Along with being a notable experienced health IT leader, Edward Marx, CIO of the Cleveland Clinic, also is a seasoned mountain climber, and his expertise in both areas makes him more than qualified to share his insights on reaching the highest heights of health IT disruption and innovation.
Marx, who took over the CIO role at Cleveland Clinic Sept. 1 after the health system announced his hiring in July, is slated to be a keynote speaker at Healthcare Informatics’ Cleveland Health IT Summit at the Hilton Cleveland Downtown on March 27 to 28. In his keynote presentation, Marx will apply his mountain climbing experiences to driving innovation in healthcare, and what it takes for CIOs to summit the innovation mountain.
Prior to stepping into the CIO role at Cleveland Clinic, Marx held executive positions at the Advisory Board Company and he spent eight years as CIO at Texas Health Resources, following five years in that role at University Hospitals in Cleveland. What’s more, Marx is active with professional organizations, advisory boards and higher education throughout the health IT industry. He is a Fellow of the College of Healthcare Information Management Executives (CHIME) and Healthcare Information and Management Systems Society (HIMSS). He has won numerous awards, including HIMSS/CHIME 2013 CIO of the Year.
Recently, Healthcare Informatics’ Associate Editor Heather Landi spoke with Marx about his priorities leading IT initiatives at Cleveland Clinic, the acceleration of health IT innovation and what he is excited to see develop in the healthcare technology space in 2018. Below are excerpts from that interview.
You started in your new role as CIO at Cleveland Clinic about four months ago. What are your priorities right now?
The number one priority is the exact same priority as the Cleveland Clinic itself, and that is, to ensure that we continue to promote and cultivate a patient-first environment; everything we do is really centered around that focus of putting patients first. The strategies that our organization has are the exact same ones that IT has. One area of focus for 2018 is digitalization, and that’s really about how do we take our practices today and leverage technology to automate them, and that could manifest itself in many different ways depending on the area. It could be exploiting artificial intelligence, machine learning and the digital hospital. We do all of those things already, but it’s about taking them to the next level. The focus is about how do we become more efficient and effective, and maximize the tools that are available to us today to continue to deliver the highest quality patient care possible. At our organization, IT is not a separate strategy than the organization, and it’s important that IT is an enabler of the organization’s objectives and not just something we do because it’s a cool thing to do or it’s the next shiny, bright object that’s out there. We never lead with it, because we always collaborate; collaborating with technology and with what we’re trying to do on the clinical side in order to do the very best by our patients.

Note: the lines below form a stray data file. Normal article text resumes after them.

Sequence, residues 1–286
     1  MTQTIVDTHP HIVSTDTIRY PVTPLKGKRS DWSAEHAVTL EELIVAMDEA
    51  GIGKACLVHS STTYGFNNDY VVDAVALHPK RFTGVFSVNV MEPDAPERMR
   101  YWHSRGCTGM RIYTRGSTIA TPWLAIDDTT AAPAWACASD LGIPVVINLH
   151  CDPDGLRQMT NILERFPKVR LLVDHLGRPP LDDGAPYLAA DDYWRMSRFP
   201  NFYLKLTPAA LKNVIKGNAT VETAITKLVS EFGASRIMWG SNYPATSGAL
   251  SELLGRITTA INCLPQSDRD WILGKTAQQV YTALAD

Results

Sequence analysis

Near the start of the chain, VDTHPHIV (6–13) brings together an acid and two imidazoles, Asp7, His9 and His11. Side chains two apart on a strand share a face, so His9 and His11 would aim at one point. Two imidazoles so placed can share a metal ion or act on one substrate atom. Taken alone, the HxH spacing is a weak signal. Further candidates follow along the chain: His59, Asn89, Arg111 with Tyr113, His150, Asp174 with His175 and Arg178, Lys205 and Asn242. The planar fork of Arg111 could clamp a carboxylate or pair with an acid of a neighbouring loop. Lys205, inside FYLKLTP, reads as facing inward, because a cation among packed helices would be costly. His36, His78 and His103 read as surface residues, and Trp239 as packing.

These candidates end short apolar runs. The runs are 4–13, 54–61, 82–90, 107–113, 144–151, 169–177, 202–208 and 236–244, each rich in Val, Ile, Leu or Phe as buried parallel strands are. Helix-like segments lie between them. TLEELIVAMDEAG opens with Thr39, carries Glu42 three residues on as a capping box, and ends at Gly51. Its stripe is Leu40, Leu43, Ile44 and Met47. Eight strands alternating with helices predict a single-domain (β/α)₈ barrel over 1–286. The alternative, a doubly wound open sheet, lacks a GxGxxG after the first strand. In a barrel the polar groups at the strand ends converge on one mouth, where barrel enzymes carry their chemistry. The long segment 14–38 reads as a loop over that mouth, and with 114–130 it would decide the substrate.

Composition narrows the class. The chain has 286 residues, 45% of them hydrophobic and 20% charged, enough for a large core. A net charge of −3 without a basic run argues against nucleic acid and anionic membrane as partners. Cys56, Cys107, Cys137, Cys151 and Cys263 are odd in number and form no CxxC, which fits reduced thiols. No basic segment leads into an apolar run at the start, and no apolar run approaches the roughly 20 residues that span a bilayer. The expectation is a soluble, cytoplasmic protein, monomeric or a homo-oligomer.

There are some foundational things that we work on just like any other strong IT organization. One is leveraging best practices for IT. While we have a good IT organization, we want to continue to improve and grow, and one way we do this is by leveraging best practices, just as the same as clinical side, where we try to increase the quality of care, we look at best practices around the world and then we adopt them within our culture. We’re doing the same with IT. We’re working hard on that. Another key thing for us in terms of focusing on the fundamentals is transforming ourselves into an agile organization. Many of the leading companies today, technology companies specifically, are agile companies and they have adopted agile practices. That’s something that we’re doing, and not just in project management and not just in software management, as many companies do, but we’re adopting an agile format, much like successful tech companies, in everything we do.
A third thing we’re doing is that we’re really enhancing our governance and project management capabilities, so we want to continue to grow and make sure that we’re very effective in our utilization of scarce resources. We all have a limited amount of resources, and so we want to become very adept and very good at how we align those with the organization’s priorities and we do that through strong IT governance and project management. Once we do have those resources secured, and we launch particular initiatives to enable our business, we want to make sure that it’s in done in the very best possible way. In all those areas, we’re working to become the best of class to enable our organization’s mission and vision.
What are the biggest challenges that healthcare CIOs are facing?
I think some of the bigger challenges are security, of course, such as how do you ensure that you have all the appropriate safeguards in place, and how do you continue to mature in that area at the same pace as those who seek to do damage? So, security is a big focus for us.
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